Wide azimuth (WAZ) land 3D seismic recording geometry typically generates data that is spatially well sampled with a wide range of azimuths and a regular distribution of offsets at those azimuths. Unfortunately, the azimuth information is lost in the pre-stack time migration (PSTM) using traditional processing techniques. Preserving azimuth (the angle measured clockwise from north of a geometric ray that starts at the source point and passes through the receiver point) and offset (the distance between a trace's source and receiver points) information in image gathers is desirable so that the attributes can be used in the detection of horizontal transverse isotropy (HTI), which can provide insight into reservoir fracture orientation. This paper describes the Offset Vector Tile (OVT) processing approach, a new industry trend in seismic data processing to preserve shot-receiver azimuth on image gathers.

OVT, also commonly refered to as Common Offset Vector (COV) gathers, are minimal data sets that are linked to patch dimensions and repeat patterns observed in WAZ 3D recording geometry. The OVT method is used to produce single fold pre-stack data volumes that cover the full 3D survey area. All of the traces in a single OVT volume share similar offset and azimuth attributes. Additionally, they provide new opportunities for noise attenuation, trace interpolation, and data regularization. These signal enhancements lead to less migration noise and an overall image improvement. Migration is performed on all of the OVT volumes resulting in an equivalent number of pre-stack migrated data sets, each with their respective azimuth and offset preserved. Traces from each common image point of the numerous migrated OVT volumes are grouped to form image gathers, which can then be analyzed for azimuthal anisotriopy.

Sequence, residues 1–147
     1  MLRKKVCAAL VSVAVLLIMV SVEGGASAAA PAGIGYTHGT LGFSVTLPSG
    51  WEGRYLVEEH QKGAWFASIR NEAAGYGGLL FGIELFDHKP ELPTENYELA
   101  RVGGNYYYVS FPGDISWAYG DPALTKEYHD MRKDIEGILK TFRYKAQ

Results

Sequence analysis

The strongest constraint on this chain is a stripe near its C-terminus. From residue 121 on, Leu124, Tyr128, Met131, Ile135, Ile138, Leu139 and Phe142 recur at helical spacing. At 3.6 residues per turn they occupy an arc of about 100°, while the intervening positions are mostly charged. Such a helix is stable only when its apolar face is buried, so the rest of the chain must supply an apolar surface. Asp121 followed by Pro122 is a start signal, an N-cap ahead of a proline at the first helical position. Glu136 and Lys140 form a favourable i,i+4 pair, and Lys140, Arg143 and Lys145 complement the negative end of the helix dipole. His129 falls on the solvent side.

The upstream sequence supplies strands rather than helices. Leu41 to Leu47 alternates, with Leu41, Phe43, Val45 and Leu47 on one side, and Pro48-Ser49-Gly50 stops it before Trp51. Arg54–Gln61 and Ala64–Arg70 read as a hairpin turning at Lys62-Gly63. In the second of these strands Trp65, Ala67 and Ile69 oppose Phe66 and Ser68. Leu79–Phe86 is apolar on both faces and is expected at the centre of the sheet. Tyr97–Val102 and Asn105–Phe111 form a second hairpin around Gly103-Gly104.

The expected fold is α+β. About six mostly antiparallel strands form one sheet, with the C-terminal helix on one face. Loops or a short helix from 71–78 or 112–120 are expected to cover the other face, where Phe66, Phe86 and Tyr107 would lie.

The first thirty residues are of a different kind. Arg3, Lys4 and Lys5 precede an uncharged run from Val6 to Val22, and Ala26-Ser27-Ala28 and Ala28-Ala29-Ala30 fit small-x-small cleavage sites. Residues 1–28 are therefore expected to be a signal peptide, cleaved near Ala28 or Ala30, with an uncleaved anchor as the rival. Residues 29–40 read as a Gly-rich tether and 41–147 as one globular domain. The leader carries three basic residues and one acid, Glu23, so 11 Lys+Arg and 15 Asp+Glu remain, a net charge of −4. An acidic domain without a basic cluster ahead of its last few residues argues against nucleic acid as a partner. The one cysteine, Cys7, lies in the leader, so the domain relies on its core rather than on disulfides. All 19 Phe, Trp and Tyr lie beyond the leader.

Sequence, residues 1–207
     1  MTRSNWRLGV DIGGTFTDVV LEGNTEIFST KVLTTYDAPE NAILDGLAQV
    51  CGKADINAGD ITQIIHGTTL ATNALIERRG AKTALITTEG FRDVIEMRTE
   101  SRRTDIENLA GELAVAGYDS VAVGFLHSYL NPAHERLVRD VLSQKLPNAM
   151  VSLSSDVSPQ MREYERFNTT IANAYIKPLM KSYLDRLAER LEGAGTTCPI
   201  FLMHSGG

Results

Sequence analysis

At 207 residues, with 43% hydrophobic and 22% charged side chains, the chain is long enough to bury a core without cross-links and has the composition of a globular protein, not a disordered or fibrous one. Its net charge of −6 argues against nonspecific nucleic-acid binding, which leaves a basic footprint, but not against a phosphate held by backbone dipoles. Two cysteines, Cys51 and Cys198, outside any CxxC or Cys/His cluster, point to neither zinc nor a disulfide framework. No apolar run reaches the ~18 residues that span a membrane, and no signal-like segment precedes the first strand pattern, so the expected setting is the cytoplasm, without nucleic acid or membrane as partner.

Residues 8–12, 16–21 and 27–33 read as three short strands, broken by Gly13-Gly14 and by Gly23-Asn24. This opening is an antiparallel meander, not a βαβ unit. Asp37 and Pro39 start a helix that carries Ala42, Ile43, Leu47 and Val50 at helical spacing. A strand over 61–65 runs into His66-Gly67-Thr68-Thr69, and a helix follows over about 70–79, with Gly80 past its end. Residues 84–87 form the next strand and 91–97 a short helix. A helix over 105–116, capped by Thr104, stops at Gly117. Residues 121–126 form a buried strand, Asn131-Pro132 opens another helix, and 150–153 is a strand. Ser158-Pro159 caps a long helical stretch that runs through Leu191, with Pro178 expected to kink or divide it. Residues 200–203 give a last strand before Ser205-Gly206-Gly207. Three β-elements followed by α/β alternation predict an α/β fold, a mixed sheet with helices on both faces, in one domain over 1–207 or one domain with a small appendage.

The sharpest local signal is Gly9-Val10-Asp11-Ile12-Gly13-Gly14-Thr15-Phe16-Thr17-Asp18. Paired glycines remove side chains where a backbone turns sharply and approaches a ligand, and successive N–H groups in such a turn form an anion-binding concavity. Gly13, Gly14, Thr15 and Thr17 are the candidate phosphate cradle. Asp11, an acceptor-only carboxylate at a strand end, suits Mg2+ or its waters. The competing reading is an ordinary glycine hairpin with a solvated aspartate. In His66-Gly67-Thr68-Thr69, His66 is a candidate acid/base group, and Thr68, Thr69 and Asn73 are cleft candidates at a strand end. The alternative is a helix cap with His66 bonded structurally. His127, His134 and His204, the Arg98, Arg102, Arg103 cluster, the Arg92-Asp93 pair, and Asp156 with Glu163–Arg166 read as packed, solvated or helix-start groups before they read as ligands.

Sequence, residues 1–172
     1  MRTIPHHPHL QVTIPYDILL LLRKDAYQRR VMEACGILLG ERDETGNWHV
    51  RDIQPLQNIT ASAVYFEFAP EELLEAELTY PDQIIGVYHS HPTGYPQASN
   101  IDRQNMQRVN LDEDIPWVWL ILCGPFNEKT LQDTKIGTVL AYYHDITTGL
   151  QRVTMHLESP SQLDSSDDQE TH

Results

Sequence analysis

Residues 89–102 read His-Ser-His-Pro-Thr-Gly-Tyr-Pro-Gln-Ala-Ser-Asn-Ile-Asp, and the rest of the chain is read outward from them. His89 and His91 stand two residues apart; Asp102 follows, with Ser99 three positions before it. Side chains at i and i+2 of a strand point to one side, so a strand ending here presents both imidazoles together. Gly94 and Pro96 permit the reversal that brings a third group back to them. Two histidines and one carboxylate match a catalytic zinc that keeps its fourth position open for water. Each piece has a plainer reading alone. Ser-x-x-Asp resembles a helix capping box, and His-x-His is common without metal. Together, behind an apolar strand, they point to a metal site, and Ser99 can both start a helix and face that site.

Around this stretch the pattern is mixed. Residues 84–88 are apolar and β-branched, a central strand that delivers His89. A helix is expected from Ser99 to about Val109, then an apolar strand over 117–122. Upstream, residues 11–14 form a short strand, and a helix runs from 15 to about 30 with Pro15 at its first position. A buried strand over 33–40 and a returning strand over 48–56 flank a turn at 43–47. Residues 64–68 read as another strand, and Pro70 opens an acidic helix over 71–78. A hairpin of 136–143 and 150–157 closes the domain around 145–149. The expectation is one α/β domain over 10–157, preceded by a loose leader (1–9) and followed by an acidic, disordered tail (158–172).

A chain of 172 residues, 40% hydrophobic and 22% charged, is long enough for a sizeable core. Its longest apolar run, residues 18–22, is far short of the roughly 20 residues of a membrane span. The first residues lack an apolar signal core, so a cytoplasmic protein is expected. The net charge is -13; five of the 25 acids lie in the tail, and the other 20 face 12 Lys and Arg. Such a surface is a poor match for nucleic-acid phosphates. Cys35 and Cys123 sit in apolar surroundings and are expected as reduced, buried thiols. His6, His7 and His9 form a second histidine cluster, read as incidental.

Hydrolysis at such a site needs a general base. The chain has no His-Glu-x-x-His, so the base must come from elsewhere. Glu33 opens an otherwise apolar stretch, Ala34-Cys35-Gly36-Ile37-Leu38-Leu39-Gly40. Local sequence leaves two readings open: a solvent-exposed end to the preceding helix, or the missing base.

The OVT method is demonstrated as a case history on a WAZ land 3D survey in the Eastern Province of Saudi Arabia.

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